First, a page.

Like many a nonprofit, the Cobb Chamber of Commerce has to get creative when it comes to money.

“There is no real free cash flow there whatsoever,” said John Loud, its new chairman.

Last year, its board discussed raising the lowest-tiered membership fee from $400 to $450 per year. Loud balked.

“They invited the wrong guy into that room,” he said, laughing. The chamber’s chairs are picked long before they ever take office, and Loud knew he was going to ascend to the position in a year’s time. He vowed to roll back the increase the moment he became chair.

The board ended up creating an even lower tier, for businesses with two or fewer employees. It costs $250.

It was a preview of Loud’s chairmanship, which began in earnest Saturday night when Mitch Rhoden, the 2019 chair, passed him the torch.

“There’ve been a lot of exciting things that happened under Mitch’s leadership this year ... and (I’m) very proud of the work he’s done,” Sharon Mason, CEO of the chamber, said in November. “I get to work very closely with the chairs each year, and each person is the right person at the right time for our chamber.”

As past chairs have done, Loud set three priorities for the year: workforce development, the Dobbins Air Reserve Base and small businesses.


Loud said his focus on small business came from his own experience as founder of LOUD Security Systems.

Since its founding in 1995, the company has grown to one that serves 10,000-plus customers, operates in 31 states and employs 60-some people. But it began in a garage in Powder Springs.

“I was in the basement of my home, I’m the one that struggled to find $85 to become a member of the Kennesaw Business Association” and, years later, the money he’d need for the Cobb Chamber, he said. “I am hypersensitive to understanding (small businesses’) lows and challenges and frustrations.”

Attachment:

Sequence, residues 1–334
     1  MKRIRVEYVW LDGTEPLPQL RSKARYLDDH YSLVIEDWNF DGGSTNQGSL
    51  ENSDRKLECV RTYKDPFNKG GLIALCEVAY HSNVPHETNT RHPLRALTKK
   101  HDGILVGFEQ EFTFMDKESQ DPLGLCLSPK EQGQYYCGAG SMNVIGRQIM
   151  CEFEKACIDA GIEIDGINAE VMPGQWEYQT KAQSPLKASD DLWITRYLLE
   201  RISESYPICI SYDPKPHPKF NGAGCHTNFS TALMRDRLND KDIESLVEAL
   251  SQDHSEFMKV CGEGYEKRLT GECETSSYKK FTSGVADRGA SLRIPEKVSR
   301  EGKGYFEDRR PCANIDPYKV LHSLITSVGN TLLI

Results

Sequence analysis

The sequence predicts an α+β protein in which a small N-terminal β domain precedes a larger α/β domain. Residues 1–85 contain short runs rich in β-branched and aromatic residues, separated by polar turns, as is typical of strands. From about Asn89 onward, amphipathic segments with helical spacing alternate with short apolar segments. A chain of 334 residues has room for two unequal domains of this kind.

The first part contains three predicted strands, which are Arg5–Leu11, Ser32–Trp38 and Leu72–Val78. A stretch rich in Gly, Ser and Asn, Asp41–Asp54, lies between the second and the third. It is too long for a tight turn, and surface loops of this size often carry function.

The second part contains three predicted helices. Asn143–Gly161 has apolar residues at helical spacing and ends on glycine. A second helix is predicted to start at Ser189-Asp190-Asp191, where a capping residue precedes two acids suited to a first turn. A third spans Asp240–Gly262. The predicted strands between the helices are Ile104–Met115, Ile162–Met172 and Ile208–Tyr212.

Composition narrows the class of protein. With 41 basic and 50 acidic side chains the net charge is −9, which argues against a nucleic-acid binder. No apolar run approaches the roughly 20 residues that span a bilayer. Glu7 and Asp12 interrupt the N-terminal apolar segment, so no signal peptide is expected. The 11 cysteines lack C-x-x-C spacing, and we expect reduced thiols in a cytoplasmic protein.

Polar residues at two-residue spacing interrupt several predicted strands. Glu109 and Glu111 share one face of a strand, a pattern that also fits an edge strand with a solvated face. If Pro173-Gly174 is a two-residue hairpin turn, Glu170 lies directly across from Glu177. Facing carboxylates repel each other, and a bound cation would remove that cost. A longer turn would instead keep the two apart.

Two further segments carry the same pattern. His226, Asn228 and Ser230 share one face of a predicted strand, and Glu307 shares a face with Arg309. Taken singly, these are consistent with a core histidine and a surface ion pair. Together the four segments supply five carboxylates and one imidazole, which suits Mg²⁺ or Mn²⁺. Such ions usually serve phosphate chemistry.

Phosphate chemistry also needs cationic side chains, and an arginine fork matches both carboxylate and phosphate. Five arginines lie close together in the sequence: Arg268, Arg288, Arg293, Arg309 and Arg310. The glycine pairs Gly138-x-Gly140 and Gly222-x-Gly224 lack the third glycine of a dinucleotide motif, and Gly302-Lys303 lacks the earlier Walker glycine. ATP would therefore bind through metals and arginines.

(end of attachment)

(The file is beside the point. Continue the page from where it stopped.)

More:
Loud’s focus on small businesses comes on the heels of the unveiling of the chamber’s new logo, a circle made of seven arrows facing inward, with one missing to symbolize an open seat at the table.

In the spirit of the new logo, he plans on extending invitations to smaller businesses to some of the chamber’s dozen-plus “chairman’s circle” meetings, which are typically open only to members paying annual dues for $5,000.

“You almost feel like, ‘I’m a little business. ... I can’t sit at the adult table,’” he said of the chairman’s circle meetings. Inviting smaller businesses, he said, will let them know that they’re welcomed and appreciated. It’s also, partly, an effort to burnish the chamber’s image, he added.

The perception of the chamber as being pro-big business is wrong, he insists, and it’s something he aims to change during his tenure.


Businesses, Loud said, are “coming in and they’re selecting Cobb and the Atlanta region because of how strong our workforce is. It’s not about the incentives, it’s about the workforce.”

To that end, he plans on being a vigorous advocate for the state’s locating a VECTR Center in the county, preferably near Dobbins Air Reserve Base.

One such center already exists in Warner Robins. According to its website, VECTR — which stands for Veterans Education Career Transition Resource (Center) — offers “unique, accelerated programs in high demand and strategic industries tailored to abbreviate the process of receiving post-secondary certificates and degrees by recognizing the extensive training veterans receive during their military service.”

“We have bipartisan, 100% support from all the Cobb legislators,” he said, although he’s unsure whether the governor will take it up during the 2020 legislative session.

He also hopes to unveil “opportunity Cobb” a one-stop-shop for all internships, externships and work-based opportunities in the county for kids in the K-12 school system through higher education. He said he was unsure at this point whether it would be an app or a website.

To cap it all off, the chamber will host a workforce summit in November, he said.


Finally, Loud wants to remind the county of the value of the Dobbins Air Reserve Base, and plans on singing its praises throughout the year.

Among the events that would shine a spotlight on the base will be a welcome home for troops returning later this year.


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